Currently I reside, in the incredibly beautiful community of Kelowna, British Columbia. Kelowna is located in one of the most beautiful regions on the face of the earth – vineyard country complete with all the elegance and societal tapestry one might expect from such a region, but lately…if we could compare Kelowna to the Sistine Chapel ceiling painted by Michelangelo one might say societal cracks are beginning to form in the art work that is Kelowna.
Kelowna is no different than many other communities, and certainly I have lived in communities far more severe in their degree of dysfunction, yet what is it about Kelowna that’s causing an increasing number of individuals to quietly ponder, should I stay or should I go?
At what point do we determine we are living in a narcissistic dysfunctional community, and decide it’s time in the interest of our own self-health to move on.
Should I Stay Or Should I Go – Signs It’s Time To Leave
Here are 14 signs that can help you answer the question of should I stay or should I go? These are signs that your community may no longer be a healthy place for you to live anymore, and help you identify possible changes that would enable for you to remain or further enhance your need to give serious thought to leaving. If multiples of these signs apply to your situation, then it’s likely time for your own health and well being, to leave as soon as is possible.
- You’ve lost sight of your core life passion.
- You wake up each morning dreading the day ahead.
- The quality of the community of people you continually rub shoulders with is getting worse and not better.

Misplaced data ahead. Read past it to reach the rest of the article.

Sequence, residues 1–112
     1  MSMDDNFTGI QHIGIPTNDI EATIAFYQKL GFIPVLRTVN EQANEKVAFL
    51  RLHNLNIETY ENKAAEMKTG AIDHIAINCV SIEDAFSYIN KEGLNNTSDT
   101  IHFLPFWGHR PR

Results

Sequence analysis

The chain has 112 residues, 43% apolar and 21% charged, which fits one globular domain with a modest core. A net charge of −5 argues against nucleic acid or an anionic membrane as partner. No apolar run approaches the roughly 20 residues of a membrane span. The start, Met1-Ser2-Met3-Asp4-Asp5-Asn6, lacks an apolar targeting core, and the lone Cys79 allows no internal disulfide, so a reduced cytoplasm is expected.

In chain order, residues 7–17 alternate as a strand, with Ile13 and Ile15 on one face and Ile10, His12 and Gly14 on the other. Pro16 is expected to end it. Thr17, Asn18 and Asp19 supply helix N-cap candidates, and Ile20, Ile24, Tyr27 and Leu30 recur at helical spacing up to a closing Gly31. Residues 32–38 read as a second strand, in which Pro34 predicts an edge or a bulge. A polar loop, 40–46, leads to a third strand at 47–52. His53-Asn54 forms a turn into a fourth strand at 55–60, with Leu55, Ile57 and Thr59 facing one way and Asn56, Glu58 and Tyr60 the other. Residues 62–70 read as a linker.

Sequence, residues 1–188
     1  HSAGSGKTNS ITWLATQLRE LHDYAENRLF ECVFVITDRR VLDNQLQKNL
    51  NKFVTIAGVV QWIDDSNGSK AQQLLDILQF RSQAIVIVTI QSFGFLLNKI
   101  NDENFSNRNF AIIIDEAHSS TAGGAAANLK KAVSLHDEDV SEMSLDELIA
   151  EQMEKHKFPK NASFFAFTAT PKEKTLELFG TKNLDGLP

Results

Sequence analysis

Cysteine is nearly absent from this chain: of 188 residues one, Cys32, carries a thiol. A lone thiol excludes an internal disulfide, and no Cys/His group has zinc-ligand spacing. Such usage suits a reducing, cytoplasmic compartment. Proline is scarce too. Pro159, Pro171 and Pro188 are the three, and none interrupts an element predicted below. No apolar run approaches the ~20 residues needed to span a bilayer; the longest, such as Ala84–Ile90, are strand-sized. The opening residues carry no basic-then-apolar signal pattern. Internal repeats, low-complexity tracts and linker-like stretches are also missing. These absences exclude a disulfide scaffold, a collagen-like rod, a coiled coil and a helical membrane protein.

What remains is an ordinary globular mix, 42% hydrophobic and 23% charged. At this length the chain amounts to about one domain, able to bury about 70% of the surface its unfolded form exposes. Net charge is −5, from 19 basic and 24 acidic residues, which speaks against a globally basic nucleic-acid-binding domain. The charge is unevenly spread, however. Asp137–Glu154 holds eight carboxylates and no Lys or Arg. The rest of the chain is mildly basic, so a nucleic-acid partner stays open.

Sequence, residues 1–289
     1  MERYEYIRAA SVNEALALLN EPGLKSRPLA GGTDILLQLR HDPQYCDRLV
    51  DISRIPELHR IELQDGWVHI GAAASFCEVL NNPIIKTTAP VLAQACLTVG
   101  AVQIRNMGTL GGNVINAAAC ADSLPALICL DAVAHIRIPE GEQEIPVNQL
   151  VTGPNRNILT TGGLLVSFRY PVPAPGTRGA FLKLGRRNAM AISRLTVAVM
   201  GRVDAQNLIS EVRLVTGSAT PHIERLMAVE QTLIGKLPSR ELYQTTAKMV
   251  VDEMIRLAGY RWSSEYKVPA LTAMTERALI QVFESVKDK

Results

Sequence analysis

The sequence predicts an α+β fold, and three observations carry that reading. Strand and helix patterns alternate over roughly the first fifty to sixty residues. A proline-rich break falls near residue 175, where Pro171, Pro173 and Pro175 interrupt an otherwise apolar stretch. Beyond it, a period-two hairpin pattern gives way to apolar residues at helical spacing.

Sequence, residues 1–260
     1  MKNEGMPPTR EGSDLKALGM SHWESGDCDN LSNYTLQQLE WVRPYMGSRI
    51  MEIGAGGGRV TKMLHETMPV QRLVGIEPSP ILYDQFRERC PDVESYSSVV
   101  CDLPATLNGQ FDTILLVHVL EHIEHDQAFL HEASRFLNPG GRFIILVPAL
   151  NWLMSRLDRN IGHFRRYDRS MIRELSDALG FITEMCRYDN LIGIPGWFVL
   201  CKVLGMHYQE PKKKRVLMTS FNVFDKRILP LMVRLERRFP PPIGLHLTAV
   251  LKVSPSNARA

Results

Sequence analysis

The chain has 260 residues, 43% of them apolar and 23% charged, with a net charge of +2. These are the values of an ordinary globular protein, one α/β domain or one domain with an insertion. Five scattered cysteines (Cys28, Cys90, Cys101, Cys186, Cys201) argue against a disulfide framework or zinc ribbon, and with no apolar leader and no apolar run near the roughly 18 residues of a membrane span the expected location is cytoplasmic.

- You find yourself continually stressed, negative and feeling unhappy about being where you are at this point in your life.
- You feel trapped, and the longer you stay the more your life is being sucked out of you.
- The stress of “trying to hang in there” is affecting your health.
- You recognize you are living in a toxic narcissistic community, so deeply entrenched in it’s dysfunction, that you find yourself no longer “fitting in” unable to believe in what your peers wish you to accept as being normal and healthy.
- Your professional performance is suffering.
- You’ve lost a healthy work-life balance.
- You are no longer able to contribute positively due to the devaluing nature of those around you.
- The demands on you have increased while the ability to earn an affordable living has decreased.
- Your unique voice as a contributing member of society is no longer being heard, or given an opportunity to be heard.
- You are bored and feeling stagnated, as if life is simply passing by.
- Your insistence in “hanging in there” means continually exposing yourself to other people’s harassment, bullying, destructive gossip, and toxic uncaring peer pressure.
Should I stay or should I go? Once you realize you can no longer contribute to positive change in your community, it might be time to consider leaving. Before you jump ship, you should take time to write down the pros and cons of leaving your community, and bounce them off one or two trusted friends or family members so you can gain a broader perspective.
Should I stay or should I go? First, you’ll want to set goals for yourself detailing what you are looking for in terms of new community. Second, you’ll want to create a game plan – your exit strategy. Third, make a list of what you “must have”, and would “like to have” in a new community. Fourth, do your research and take a year to scout out new communities, making sure you are moving into a healthier community than the one you are leaving. Finally, pull the plug in as polite and professional a manner as is possible. Burning bridges is sometimes necessary, but should always be done as a last resort.
Writer: James C. Tanner